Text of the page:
Plus, Philadelphia launches a new contracts hub aimed at simplifying vendor procurement processes, and Philadelphia also announces a new PHLConnectED program to foster remote learning for the fall.
City Innovate, the organization behind the Startup in Residence program (STiR), have now also launched STiR Labs, which aims to foster government and academic partnerships in the service of communities.
STiR Labs, the group announced this week, is being sponsored by the National Science Foundation (NSF), and it will leverage the STiR program’s track record and existing network of more than 40 government partners. The sponsorship is being made possible by the NSF’s EAGER grant, which awards plans like this one that have the potential to support “transformative research and research methodologies,” according to the press release.
“City Innovate’s STiR Labs is a new and exciting project which will utilize a new approach for linking researchers with communities, and unlock potential benefits to researchers who gain access to personnel and resources to address pressing community needs, communities who benefit from impactful research-based solutions, and funding entities who benefit from a set of well-developed, user-inspired research ideas,” said NSF Program Director David Corman in a statement.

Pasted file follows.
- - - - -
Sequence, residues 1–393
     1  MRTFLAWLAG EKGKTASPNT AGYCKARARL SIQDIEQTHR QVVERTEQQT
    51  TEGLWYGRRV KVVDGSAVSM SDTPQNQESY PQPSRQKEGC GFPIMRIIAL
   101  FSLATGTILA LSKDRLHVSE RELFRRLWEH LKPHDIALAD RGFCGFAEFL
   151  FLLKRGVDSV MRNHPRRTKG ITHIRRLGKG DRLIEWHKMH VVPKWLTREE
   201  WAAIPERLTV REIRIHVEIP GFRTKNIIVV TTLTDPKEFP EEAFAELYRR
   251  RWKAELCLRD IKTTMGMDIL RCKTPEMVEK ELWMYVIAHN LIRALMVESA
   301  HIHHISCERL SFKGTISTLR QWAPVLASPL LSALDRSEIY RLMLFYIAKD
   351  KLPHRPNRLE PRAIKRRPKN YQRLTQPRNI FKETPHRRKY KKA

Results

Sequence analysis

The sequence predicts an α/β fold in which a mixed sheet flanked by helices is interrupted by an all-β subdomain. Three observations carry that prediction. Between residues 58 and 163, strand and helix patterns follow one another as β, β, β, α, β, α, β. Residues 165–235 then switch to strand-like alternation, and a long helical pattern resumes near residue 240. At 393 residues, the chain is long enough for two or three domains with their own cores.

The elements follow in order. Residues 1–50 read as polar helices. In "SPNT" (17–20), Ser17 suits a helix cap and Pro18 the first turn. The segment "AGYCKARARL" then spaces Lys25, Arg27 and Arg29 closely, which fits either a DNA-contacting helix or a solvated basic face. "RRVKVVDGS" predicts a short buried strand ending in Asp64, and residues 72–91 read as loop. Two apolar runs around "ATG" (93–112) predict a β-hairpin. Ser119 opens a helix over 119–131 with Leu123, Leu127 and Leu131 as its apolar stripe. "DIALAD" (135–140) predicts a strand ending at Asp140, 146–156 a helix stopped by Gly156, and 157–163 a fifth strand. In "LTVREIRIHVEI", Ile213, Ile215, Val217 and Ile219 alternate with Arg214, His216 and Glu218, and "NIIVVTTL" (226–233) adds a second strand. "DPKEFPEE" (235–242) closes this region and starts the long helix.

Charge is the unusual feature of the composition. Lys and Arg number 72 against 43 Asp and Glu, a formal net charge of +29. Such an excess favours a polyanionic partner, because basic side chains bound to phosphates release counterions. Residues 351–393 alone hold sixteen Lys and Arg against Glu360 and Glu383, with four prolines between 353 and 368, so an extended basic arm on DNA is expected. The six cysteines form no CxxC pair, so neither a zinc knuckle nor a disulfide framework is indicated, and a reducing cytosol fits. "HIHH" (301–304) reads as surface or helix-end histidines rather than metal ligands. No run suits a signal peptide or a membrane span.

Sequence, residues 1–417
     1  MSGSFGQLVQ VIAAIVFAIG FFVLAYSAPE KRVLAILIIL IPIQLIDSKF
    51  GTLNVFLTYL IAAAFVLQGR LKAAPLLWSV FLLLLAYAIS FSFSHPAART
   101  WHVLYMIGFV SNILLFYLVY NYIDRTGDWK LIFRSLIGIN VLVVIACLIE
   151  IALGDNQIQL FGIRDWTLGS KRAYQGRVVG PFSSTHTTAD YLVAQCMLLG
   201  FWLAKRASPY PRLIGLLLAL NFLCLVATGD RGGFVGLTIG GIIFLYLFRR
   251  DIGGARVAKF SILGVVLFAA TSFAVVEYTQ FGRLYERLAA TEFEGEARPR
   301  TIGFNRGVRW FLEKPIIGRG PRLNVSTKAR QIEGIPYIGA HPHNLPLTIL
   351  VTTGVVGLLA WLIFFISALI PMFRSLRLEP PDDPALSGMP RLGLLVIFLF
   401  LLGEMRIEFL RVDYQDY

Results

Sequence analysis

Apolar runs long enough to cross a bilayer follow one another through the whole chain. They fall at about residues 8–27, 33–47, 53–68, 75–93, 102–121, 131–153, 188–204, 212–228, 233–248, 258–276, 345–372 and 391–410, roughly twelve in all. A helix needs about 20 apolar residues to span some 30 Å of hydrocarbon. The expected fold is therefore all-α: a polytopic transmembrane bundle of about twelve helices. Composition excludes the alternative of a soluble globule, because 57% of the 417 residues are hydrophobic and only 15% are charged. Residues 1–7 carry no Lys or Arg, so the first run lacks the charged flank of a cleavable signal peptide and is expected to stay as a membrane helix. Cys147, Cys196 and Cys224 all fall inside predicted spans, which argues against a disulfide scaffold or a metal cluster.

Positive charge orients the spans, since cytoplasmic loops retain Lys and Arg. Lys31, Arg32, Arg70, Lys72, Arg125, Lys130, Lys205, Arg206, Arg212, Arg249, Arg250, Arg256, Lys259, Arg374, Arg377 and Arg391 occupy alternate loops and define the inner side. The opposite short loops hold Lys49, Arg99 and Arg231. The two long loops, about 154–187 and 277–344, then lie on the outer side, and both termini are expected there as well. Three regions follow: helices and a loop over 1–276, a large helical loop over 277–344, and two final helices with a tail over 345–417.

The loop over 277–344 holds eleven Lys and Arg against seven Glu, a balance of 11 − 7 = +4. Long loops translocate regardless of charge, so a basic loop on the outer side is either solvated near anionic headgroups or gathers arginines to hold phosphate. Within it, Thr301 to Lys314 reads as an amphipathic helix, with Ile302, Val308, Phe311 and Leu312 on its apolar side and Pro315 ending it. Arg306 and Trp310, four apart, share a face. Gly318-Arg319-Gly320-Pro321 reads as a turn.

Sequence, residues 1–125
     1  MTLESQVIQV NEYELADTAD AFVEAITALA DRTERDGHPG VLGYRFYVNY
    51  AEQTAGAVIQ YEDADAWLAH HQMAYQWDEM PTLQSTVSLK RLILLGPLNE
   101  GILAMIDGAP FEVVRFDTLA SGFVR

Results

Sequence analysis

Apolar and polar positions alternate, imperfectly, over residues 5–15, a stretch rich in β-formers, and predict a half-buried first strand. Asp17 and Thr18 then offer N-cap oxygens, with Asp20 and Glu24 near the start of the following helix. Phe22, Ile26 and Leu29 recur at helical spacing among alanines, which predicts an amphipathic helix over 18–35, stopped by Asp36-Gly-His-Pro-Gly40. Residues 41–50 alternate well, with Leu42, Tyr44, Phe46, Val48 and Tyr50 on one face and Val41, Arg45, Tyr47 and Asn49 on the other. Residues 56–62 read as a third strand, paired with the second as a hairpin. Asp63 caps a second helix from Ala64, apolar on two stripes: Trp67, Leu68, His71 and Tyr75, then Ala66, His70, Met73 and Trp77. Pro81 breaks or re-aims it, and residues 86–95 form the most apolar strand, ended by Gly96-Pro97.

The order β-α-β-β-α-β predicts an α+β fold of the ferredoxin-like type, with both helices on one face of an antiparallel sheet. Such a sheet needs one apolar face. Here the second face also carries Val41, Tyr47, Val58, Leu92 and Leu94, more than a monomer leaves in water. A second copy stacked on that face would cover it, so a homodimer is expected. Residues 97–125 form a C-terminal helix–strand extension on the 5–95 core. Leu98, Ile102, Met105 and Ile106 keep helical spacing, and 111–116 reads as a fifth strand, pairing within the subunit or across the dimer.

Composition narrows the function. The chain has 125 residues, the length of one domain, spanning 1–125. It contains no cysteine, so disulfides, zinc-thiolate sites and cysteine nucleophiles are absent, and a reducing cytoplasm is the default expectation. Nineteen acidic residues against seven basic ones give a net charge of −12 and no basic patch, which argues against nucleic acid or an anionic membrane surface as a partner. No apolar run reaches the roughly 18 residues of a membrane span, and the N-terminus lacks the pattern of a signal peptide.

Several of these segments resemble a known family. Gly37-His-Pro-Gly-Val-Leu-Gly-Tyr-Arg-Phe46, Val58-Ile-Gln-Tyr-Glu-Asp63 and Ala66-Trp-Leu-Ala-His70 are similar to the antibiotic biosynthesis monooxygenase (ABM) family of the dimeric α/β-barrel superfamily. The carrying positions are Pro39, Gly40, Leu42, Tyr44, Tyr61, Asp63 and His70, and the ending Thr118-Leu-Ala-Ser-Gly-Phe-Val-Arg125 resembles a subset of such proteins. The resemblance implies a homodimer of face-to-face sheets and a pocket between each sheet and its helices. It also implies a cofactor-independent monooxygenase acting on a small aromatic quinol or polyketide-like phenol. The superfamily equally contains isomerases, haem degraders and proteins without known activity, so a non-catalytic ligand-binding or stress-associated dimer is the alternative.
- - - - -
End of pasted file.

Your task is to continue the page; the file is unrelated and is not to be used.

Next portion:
This idea to foster collaboration between local government and academia is one that has grown considerably of late in the U.S., supported by groups with similar aims, including the MetroLab Network. Like MetroLab, STiR Labs will support government and academic partnerships, helping connect academia’s expertise with community needs that can be met with improved government services.
There is, however, a more concentrated structure to STiR Labs efforts, and that is a 16-week project period for the program, during which government staffers and researchers from public universities will work together to create insights and solutions that help participating state and local governments.
The deadline to apply to be part of this first cohort is August 31, with more information about the application process available on the program’s website.
“STiR Labs is a model for civic innovation and local collaboration,” said Jay Nath, former chief innovation officer of San Francisco and Co-CEO for City Innovate, in a statement. “This program is a unique opportunity for government agencies and academic institutions to think creatively about how we can all work together to improve government to benefit residents.”